The stage toppled at 8:49 p.m. A timeline released by Indiana State Police shows that fair staff contacted the weather service four times between 5:30 and 8 p.m. At 8 p.m., the weather service said a storm with hail and 40 mph winds was expected to hit the fairgrounds at 9:15 p.m.
Bursten said fair officials had begun preparing in case they needed to evacuate visitors for the impending storm. At 8:30, additional state troopers moved to the grandstand to help in the event of an evacuation, according to the timeline.
Meteorologist John Hendrickson said it’s not unusual for strong winds to precede a thunderstorm, and that Saturday’s gust might have been channelled through the stage area by buildings on either side of the dirt track where the stage fell, at the bottom of the grandstand.
Fair officials said the Indiana Occupational Health and Safety Administration and state fire marshal’s office were investigating. Bursten said the investigation could take months.
The owner of Mid-America Sound Corp., which installed the rigging, expressed sympathy for the families of those killed or injured. Kerry Darrenkamp also said the Greenfield, Ind.-based company had begun “an independent internal investigation to understand, to the best of our ability, what happened.”
Zent, of Los Angeles, said the storm instantly transformed what had been a hot, sunny day.
“Just everything turned black. ... It was really cold, it was like winter, because I had been sweating all day. Wind blew over the ATM machine,” Zent said.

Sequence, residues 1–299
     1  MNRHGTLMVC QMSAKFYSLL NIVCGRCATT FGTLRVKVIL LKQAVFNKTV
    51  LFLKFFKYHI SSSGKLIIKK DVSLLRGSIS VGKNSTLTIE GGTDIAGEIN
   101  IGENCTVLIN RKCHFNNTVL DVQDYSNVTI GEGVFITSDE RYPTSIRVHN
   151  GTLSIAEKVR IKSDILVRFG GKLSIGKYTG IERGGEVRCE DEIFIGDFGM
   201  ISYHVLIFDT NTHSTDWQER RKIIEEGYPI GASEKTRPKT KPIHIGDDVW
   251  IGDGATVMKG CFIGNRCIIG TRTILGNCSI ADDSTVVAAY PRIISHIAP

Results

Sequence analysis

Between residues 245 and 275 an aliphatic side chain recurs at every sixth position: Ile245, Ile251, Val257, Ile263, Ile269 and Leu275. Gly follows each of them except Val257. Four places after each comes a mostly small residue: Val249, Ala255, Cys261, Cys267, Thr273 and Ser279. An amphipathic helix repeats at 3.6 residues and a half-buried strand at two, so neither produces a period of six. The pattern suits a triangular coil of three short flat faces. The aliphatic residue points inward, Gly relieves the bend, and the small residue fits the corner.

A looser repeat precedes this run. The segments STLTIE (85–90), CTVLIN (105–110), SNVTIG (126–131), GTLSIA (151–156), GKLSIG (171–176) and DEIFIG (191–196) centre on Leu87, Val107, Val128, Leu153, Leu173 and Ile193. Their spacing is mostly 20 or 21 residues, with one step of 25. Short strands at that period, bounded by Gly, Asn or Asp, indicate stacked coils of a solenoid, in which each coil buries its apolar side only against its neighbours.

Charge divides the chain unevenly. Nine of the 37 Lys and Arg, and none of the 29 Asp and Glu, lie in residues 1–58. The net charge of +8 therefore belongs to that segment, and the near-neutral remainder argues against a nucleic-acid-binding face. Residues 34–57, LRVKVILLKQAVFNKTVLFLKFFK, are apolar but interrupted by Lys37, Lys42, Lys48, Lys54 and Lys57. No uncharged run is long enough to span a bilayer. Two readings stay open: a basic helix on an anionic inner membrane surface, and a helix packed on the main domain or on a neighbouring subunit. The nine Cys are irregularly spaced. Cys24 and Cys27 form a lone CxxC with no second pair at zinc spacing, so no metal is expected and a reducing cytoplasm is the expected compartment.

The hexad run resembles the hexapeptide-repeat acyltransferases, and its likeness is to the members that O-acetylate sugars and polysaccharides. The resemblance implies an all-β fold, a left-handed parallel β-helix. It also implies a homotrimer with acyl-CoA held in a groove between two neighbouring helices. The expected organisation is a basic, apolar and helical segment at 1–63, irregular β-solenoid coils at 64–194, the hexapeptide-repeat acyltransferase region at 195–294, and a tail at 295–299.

He and his girlfriend, Jess Bates, were behind the grandstand when the heard a noise — the stage collapse. They began running as the wind buffeted them.
Bates said a woman who had been in the second row of the concert with her teenage daughter grabbed her and sobbed as she recounted pulling her daughter to safety while others rushed forward to try to help those pinned beneath the scaffolding.
“She was gripping me very tight, and I could just feel her shaking,” Bates said. “She said, ‘My daughter is all I have in this world and I almost lost her tonight,’” Bates said.
Dr. Dean Silas, a gastroenterologist from Deerfield, Ill., said it took about five minutes to work his way from the grandstands to the track after the collapse. He saw three bodies covered with plastic when he arrived. He said it took about 25 minutes for volunteers and emergency workers to remove victims from beneath the rigging and load them onto makeshift stretchers.
“There had to be 75 to 100 people there helping out,” he said.